We don’t have to guess about what would happen if we repeal Section 230. We’ve seen it. SESTA/FOSTA shot a hole right through Section 230, by creating new federal criminal and civil liability for anyone who “owns, manages, or operates an interactive computer service” and speaks, or hosts third-party content, with the intent to “promote or facilitate the prostitution of another person.” Its broad language means that if the owner of an interactive computer service hosts content or viewpoints that might be seen as promoting or facilitating prostitution, or as assisting, supporting or facilitating sex trafficking, the service is liable.
SESTA/FOSTA immediately led to censorship, and to increased risk for sex workers. Organizations that provide support and services to victims of trafficking and child abuse, sex workers, and groups and individuals promoting sexual freedom were implicated by its broad language. Fearing that comments, posts, or ads that are sexual in nature will be ensnared by FOSTA, many vulnerable people have gone offline and back to the streets, where they’ve been sexually abused and physically harmed. Additionally, numerous platforms that host entirely legal speech have had to shut down and self censor.
It’s essential that newer, smaller companies be given the same chance to host speech that those companies had fifteen or twenty years ago
We’ve filed a lawsuit to repeal SESTA/FOSTA on behalf of several plaintiffs who have been harmed by the law.
On a large scale, the wholesale repeal of Section 230 means many, many newer and smaller platforms would simply have to heavily censor anything that could be construed as illegal speech. Many of these sites would stop hosting content entirely, and smaller sites that host content as their primary function would be forced offline. Those who still want to host content would have to use filters and other algorithmic moderation that would cast a wide net, and remaining posts would likely take days before they could be viewed and allowed online.
Larger sites, though, would continue to function relatively similarly, although with much more censorship and much stricter automated moderation. Section 230 is one of the only legal incentives that sites have now to leave up a large amount of content that they would likely take down, from organizations planning a protest to individuals calling for the ouster of a government official.
If online services were liable for more types of content, the Internet would likely be worse, not better.
We know that platforms are notoriously bad at moderation. Even when detailed guidelines for moderators exist, it’s often very hard to apply strict rules successfully to the vast array of types of speech that exist—when someone is being sarcastic, or content is ironic, for example. As a result, creating new categories of speech that online services are liable for hosting would almost certainly result in overbroad takedowns.
Right now, platforms are allowed to mostly create their own rules for how they moderate. Giving the government more power to control speech would not be a remedy for the moderation problems that exist. As an example, social media platforms have long struggled with the problem of extremist or violent content on their platforms. Because there is no international agreement on what exactly constitutes terrorist, or even violent and extremist, content, companies look at the United Nations’ list of designated terrorist organizations or the US State Department’s list of Foreign Terrorist Organizations. But those lists mainly consist of Islamist organizations, and are largely blind to, for example, U.S.-based right-wing extremist groups. And even if there was consensus on what constitutes a terrorist, the First Amendment generally would protect those individuals’ ability to speak absent them making true threats or directly inciting violent acts.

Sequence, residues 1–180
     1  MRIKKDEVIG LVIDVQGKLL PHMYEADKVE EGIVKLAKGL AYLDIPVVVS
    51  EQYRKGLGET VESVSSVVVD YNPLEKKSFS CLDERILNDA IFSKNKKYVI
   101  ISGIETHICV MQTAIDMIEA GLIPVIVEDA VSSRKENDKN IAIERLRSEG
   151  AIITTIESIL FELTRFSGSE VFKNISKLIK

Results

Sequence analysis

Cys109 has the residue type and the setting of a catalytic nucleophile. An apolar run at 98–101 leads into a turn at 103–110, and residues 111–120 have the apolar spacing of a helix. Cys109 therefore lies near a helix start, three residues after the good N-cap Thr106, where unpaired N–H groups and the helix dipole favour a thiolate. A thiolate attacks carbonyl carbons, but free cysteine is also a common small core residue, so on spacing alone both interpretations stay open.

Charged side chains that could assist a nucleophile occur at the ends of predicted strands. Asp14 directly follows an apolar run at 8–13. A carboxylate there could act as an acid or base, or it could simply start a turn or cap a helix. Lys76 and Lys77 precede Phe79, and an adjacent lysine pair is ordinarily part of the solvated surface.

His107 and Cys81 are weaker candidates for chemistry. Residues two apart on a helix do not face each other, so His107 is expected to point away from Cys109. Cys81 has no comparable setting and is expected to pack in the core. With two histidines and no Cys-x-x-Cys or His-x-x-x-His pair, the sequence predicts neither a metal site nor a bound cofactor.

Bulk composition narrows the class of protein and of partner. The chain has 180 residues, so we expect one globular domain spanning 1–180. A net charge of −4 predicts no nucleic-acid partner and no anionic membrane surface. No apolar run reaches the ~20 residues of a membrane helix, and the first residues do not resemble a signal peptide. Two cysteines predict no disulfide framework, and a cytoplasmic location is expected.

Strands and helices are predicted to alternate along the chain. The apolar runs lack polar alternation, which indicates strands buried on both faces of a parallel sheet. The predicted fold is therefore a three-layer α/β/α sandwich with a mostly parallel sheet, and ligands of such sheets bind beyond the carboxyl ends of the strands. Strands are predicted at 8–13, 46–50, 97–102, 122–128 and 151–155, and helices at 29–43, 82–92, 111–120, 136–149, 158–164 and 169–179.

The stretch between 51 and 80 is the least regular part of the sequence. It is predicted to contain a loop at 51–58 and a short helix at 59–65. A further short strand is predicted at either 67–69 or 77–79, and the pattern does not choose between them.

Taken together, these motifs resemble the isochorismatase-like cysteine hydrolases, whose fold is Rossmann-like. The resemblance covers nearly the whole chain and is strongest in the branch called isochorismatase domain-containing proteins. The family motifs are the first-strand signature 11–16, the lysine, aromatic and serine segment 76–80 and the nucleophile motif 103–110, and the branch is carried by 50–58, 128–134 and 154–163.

The combination of these lists and blunt content moderation systems leads to the deletion of vital information not available elsewhere, such as evidence of human rights violations or war crimes. It is very difficult for human reviewers—and impossible for algorithms—to consistently get the nuances of activism, counter-speech, and extremist content itself right. The result is that many instances of legitimate speech are falsely categorized as terrorist content and removed from social media platforms. Those false positives, and other moderation mistakes, will fall disproportionately on Muslim and Arab communities. It also hinders journalists, academics, and government officials because they cannot view and or share this content. While sometimes problematic, the documentation and discussion of terrorist acts is essential given that it is one of the most important political and social issues in the world.
With further government intervention into what must be censored, this situation could potentially become much worse, putting marginalized communities and those with views that differ from whoever might be in power in an even more precarious situation online than they already are. Government actors often label political opposition or disempowered groups as terrorists. Section 230 ensures platforms make these choices based on their own calls about what constitutes speech they will not host, not the government’s whims.